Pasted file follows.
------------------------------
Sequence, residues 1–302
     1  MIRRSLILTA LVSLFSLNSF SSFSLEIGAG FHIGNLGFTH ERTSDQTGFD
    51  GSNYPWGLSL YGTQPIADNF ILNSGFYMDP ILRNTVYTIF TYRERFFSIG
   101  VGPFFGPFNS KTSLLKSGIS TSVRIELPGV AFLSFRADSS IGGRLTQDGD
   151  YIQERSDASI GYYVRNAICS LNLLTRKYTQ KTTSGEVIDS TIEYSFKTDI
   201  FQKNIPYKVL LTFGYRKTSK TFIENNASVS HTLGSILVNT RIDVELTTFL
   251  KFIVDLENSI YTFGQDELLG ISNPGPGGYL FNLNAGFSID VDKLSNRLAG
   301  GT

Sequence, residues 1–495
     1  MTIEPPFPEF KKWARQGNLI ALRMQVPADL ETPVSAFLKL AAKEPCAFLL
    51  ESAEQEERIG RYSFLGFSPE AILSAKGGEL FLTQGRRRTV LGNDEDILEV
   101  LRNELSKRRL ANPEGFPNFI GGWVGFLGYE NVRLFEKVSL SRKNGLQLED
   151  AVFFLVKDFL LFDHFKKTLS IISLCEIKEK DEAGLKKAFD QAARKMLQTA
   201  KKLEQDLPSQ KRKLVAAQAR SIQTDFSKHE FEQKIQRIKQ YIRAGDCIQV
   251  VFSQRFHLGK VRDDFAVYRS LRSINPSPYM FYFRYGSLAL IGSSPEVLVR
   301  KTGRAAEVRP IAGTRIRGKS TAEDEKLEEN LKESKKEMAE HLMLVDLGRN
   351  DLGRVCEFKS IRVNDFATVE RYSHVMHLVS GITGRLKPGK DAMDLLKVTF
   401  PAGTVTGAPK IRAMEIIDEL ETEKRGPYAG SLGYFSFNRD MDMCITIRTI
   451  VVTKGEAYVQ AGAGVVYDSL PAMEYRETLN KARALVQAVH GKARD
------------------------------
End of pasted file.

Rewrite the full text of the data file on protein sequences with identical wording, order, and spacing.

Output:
Sequence, residues 1–302
     1  MIRRSLILTA LVSLFSLNSF SSFSLEIGAG FHIGNLGFTH ERTSDQTGFD
    51  GSNYPWGLSL YGTQPIADNF ILNSGFYMDP ILRNTVYTIF TYRERFFSIG
   101  VGPFFGPFNS KTSLLKSGIS TSVRIELPGV AFLSFRADSS IGGRLTQDGD
   151  YIQERSDASI GYYVRNAICS LNLLTRKYTQ KTTSGEVIDS TIEYSFKTDI
   201  FQKNIPYKVL LTFGYRKTSK TFIENNASVS HTLGSILVNT RIDVELTTFL
   251  KFIVDLENSI YTFGQDELLG ISNPGPGGYL FNLNAGFSID VDKLSNRLAG
   301  GT

Sequence, residues 1–495
     1  MTIEPPFPEF KKWARQGNLI ALRMQVPADL ETPVSAFLKL AAKEPCAFLL
    51  ESAEQEERIG RYSFLGFSPE AILSAKGGEL FLTQGRRRTV LGNDEDILEV
   101  LRNELSKRRL ANPEGFPNFI GGWVGFLGYE NVRLFEKVSL SRKNGLQLED
   151  AVFFLVKDFL LFDHFKKTLS IISLCEIKEK DEAGLKKAFD QAARKMLQTA
   201  KKLEQDLPSQ KRKLVAAQAR SIQTDFSKHE FEQKIQRIKQ YIRAGDCIQV
   251  VFSQRFHLGK VRDDFAVYRS LRSINPSPYM FYFRYGSLAL IGSSPEVLVR
   301  KTGRAAEVRP IAGTRIRGKS TAEDEKLEEN LKESKKEMAE HLMLVDLGRN
   351  DLGRVCEFKS IRVNDFATVE RYSHVMHLVS GITGRLKPGK DAMDLLKVTF
   401  PAGTVTGAPK IRAMEIIDEL ETEKRGPYAG SLGYFSFNRD MDMCITIRTI
   451  VVTKGEAYVQ AGAGVVYDSL PAMEYRETLN KARALVQAVH GKARD